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That is the ATV's way of turn off CEC.
But it seems that this doesn't turn off CEC completely as volume control via CEC still worked. Although it's off by default on mine because it's unstable, I enabled it to see if it would still work. So "Control TVs and Recievers" seems to only disable most CEC features, but not CEC in general.

Volume control via CEC is only guaranteed to work one way down: from TV remote to the rest. Some brands implement bi-directional CEC volume control. Some don't. In my home, Vizio TVs won't let you do CEC volume control from streaming boxes. Samsung and Sharp TVs do support such.
But shouldn't every TV with CEC support be able to hand over volume control to an AVR? I have a Philips TV and a Denon AVR. When the AVR is on, the TV is set up to mute the internal speakers and hand over volume control to the AVR. So if it works, I can control AVR volume with the buttons of my TV, AVR and external devices like the ATV. But if it's not, it's just broken in general. Then the volume buttons on ATV do nothing and the ones one TV/AVR just adjust the device's volume. Then I have to turn CEC off on TV/AVR, power both devices off/on and enable CEC again to get it back working. So I stopped trying, disabled the TV speakers completely and now only control volume on my AVR over IR.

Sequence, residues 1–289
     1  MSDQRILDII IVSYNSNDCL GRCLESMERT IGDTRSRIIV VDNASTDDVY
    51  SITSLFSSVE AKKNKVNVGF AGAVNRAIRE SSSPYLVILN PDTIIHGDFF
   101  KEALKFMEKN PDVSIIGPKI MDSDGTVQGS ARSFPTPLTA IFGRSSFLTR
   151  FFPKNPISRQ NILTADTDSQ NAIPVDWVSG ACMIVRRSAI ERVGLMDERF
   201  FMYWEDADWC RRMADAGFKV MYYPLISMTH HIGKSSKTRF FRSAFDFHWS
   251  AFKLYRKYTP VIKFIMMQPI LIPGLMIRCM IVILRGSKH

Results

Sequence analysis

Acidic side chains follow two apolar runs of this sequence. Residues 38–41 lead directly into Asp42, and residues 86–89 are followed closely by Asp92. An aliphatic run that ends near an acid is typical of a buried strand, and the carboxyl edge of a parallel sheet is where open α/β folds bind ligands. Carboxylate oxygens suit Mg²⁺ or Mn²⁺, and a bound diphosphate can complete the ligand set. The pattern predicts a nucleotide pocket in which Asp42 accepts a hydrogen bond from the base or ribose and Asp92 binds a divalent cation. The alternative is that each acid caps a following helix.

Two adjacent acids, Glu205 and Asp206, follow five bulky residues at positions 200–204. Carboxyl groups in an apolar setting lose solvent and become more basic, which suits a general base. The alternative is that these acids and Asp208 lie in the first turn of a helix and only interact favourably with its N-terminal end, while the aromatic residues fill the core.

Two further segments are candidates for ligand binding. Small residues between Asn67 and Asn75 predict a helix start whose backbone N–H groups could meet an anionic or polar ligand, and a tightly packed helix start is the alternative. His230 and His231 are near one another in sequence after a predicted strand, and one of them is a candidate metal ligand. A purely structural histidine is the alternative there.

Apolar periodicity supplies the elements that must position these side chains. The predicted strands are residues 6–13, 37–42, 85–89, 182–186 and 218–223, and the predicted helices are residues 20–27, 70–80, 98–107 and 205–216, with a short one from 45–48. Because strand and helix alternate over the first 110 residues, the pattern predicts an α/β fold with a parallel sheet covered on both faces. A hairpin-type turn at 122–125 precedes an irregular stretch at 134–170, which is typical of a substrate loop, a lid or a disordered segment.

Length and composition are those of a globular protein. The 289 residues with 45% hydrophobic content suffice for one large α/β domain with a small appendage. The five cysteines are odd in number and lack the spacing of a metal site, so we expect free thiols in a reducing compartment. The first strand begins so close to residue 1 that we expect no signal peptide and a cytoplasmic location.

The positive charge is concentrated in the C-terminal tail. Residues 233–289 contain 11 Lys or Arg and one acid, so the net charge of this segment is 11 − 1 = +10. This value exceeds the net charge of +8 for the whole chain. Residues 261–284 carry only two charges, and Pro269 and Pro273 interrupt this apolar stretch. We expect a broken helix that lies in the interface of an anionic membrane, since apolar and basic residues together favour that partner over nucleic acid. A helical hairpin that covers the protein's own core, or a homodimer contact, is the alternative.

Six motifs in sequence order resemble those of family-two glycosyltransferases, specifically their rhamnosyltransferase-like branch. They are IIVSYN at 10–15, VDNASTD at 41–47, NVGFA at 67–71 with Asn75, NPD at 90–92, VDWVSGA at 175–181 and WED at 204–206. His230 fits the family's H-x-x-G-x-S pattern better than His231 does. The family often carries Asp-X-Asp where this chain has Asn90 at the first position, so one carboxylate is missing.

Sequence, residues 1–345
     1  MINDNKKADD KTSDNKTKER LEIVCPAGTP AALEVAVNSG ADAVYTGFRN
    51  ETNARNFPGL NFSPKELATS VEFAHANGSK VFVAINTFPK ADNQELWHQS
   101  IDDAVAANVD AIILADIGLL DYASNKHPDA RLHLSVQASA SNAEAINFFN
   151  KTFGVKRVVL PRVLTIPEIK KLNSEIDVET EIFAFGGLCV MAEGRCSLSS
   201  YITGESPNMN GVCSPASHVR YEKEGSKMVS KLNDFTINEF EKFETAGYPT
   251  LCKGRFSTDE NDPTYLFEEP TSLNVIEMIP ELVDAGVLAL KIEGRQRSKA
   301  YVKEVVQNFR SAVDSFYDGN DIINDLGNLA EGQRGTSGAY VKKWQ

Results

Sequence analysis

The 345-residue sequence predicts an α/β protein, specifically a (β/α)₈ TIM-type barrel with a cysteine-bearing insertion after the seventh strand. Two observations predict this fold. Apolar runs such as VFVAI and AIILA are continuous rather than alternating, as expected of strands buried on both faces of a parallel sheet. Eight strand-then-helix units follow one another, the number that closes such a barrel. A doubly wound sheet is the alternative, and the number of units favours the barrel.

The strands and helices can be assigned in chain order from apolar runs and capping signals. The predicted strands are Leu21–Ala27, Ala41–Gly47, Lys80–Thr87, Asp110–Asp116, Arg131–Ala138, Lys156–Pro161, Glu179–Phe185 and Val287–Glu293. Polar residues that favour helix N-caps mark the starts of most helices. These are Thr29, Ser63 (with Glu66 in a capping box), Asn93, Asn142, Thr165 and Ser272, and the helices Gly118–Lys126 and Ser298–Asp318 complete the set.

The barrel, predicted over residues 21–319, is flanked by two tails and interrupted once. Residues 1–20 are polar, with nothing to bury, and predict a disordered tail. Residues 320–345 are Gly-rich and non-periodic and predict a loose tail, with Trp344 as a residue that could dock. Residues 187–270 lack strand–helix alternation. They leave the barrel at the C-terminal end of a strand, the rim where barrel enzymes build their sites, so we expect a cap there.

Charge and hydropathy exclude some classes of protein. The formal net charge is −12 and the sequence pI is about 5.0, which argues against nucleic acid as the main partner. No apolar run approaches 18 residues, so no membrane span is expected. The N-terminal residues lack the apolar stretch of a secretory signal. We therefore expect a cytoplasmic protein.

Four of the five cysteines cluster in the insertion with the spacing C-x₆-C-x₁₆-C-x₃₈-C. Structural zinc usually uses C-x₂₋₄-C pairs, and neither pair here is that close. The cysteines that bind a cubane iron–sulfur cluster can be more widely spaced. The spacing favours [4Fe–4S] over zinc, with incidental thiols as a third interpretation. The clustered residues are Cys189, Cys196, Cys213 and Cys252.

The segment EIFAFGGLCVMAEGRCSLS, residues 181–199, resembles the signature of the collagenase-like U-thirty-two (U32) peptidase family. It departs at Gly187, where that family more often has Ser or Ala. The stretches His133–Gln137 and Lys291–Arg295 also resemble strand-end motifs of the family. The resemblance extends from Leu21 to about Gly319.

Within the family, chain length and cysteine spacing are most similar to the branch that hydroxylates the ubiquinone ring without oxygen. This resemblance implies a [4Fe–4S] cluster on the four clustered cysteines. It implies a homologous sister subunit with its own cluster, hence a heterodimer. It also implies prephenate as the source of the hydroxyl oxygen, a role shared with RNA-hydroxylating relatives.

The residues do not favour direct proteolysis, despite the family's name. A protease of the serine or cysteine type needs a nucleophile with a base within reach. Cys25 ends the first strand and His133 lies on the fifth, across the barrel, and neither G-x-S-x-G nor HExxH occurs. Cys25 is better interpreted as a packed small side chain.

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I use CEC extensively and have for years. Aside from a cheap Insignia TV in a little-used location, it works pretty flawlessly. For instance, when my AT4K wakes up, my AVR and Sony TV power on as well. Guess I've just been lucky.
This is what CEC was designed for, and it often works extremely well for simple set-ups - single source, single display; which covers 99% of households.

In my family room 2 displays, 3 sources, full AVR audio, plus a sound bar) I don't know what I would do without my Harmony Elite. If I accidentally left CEC on for even one of those seven devices, it would cause chaos.